India’s defence budget for 2018-19 will largely account for only inflation and currency fluctuations, despite the armed forces coveting the latest and the best hardware, defence ministry officials said on condition of anonymity.
The defence budget will be largely focused on building the country’s military capabilities, especially on its northern borders with China as well as on boosting maritime security in the Indian Ocean with the Andaman and Nicobar Islands being the hub for such efforts, the officials added.
According to the officials, India’s capital defence expenditure is to the tune of 28% of the government’s total capital expenditure. The Defence Ministry is keen to propose and interservice priority military hardware list for optimum utilization of the budget, keeping in mind the national security objectives, they added.
According to the figures accessed by HT, the defence ministry has utilised 90% of the capital outlay and 82.6% of the 2017-18 revenue budget. “We have spent nearly Rs 1.42 lakh crore out of total 1.72 lakh crore of the revenue budget, which continues to rise on account of OROP (One Rank One Pension). We have spent 78,000 crore our of 86,000 crore of the capital outlay with the Air Force utilizing its entire acquisition budget. The capital outlay was entirely utilized in 2016-17,” said one of the officials.
Although the Indian Navy has sought an increase capital outlay to increase the number of its warships to 200 and a new aircraft carrier which will cost nearly Rs one lakh crore without the aircraft, the defence ministry is realistic enough to understand that the Narendra Modi government will not spend more than 29-30% of the government’s total capital outlay for acquisition, the officials said.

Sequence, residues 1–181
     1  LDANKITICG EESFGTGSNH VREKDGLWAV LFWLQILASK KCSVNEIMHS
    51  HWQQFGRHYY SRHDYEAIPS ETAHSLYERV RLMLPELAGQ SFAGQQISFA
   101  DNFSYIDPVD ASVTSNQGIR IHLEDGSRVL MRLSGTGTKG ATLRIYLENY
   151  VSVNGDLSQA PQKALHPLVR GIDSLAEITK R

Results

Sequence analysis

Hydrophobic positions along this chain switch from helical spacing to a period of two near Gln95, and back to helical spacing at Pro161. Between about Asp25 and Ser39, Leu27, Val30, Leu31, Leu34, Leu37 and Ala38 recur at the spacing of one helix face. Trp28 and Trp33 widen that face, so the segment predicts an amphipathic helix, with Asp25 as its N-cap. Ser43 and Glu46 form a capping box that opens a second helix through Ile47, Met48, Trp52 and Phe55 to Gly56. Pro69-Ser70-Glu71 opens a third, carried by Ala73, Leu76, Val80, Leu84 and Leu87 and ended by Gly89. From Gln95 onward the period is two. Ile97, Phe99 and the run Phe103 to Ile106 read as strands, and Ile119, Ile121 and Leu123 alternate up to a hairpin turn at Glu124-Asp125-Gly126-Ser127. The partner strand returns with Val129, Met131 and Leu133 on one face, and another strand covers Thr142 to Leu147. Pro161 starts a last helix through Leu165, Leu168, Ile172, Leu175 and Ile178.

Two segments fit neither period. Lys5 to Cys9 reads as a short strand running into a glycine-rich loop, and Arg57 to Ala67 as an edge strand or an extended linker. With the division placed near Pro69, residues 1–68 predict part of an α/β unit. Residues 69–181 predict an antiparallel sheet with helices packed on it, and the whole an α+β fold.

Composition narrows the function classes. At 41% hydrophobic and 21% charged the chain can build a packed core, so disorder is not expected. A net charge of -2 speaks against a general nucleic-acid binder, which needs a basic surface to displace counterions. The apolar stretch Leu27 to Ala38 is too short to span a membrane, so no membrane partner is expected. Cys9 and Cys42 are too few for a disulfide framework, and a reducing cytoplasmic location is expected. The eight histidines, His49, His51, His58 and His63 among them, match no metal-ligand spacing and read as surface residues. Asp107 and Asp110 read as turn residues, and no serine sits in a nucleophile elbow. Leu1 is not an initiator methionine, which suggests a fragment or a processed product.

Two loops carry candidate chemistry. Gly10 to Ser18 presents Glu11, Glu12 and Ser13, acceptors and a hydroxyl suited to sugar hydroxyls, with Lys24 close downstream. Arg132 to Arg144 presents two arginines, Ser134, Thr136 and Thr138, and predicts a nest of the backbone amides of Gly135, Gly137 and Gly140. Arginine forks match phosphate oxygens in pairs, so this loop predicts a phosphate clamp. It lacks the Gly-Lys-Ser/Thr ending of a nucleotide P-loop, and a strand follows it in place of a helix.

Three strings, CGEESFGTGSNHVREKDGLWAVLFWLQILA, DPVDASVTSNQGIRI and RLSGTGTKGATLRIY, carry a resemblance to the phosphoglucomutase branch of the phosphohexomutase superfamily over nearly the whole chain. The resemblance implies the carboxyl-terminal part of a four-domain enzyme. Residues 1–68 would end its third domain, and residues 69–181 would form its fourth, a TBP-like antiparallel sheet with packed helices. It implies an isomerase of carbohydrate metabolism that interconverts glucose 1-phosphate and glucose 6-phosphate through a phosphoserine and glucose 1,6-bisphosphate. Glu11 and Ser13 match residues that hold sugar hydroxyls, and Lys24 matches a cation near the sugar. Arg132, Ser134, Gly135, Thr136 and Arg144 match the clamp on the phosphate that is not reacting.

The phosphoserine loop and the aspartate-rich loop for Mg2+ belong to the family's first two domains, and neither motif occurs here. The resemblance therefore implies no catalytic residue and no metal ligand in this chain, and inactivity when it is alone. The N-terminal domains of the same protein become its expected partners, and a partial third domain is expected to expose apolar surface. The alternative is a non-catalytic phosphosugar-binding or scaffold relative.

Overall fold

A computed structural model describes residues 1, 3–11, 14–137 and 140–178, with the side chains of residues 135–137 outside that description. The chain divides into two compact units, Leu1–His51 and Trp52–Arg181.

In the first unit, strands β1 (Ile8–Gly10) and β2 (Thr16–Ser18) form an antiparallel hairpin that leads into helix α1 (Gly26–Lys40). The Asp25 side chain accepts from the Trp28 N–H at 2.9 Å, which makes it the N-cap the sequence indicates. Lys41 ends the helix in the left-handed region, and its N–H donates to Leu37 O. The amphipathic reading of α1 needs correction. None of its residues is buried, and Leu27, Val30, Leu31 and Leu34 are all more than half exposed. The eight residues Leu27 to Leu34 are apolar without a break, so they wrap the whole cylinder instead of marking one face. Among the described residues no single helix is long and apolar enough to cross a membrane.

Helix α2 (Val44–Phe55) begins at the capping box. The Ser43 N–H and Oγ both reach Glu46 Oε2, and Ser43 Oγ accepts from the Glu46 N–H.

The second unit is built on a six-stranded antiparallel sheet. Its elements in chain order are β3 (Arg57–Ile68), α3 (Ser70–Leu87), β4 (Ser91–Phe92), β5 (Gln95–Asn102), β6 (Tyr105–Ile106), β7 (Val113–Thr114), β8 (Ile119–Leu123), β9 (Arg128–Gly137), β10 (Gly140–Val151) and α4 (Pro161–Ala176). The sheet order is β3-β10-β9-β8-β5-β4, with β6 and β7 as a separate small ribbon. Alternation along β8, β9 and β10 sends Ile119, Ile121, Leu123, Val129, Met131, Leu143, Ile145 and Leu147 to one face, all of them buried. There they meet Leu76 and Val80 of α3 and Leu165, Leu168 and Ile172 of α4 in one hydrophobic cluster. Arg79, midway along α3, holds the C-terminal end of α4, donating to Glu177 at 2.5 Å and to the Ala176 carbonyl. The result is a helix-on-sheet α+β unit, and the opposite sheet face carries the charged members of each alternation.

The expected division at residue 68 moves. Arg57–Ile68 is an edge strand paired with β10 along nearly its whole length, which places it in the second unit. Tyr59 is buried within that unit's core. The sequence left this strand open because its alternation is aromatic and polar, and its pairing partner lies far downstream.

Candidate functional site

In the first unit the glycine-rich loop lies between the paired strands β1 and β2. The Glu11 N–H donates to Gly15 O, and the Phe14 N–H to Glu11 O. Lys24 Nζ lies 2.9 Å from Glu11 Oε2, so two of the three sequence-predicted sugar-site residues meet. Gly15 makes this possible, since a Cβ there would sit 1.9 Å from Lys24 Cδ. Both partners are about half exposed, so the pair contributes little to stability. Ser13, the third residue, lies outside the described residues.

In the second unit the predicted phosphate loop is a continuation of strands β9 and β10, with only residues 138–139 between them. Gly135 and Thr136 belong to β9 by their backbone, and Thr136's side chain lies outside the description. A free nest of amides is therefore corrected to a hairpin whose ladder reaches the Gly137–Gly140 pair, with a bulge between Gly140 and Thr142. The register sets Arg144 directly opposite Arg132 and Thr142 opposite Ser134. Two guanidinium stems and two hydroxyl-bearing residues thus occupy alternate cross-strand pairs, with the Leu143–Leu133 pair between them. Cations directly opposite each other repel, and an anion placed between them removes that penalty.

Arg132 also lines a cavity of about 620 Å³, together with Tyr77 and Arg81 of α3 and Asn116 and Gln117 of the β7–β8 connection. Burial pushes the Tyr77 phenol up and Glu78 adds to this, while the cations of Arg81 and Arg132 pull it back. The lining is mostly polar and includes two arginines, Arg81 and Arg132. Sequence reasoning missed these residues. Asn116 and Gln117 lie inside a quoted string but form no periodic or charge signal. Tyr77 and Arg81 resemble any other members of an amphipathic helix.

However, the main focus of the defence budget spending is expected to be along the 3,488 kilometer Line of Actual Control (LAC) with China as the western border has enough capability to deter any threat from Pakistan. Besides, capital will be spent to upgrade the military capacities in Andaman Nicobar Islands given that the territories sit on the critical sea lane of communication passing through Malacca Straits into South China Sea.
“The reason for focusing on northern borders is not so difficult to understand as the Chinese PLA’s speed of deployment during Doklam stand-off was far beyond the expectations of Indian military planners,” a second official added.
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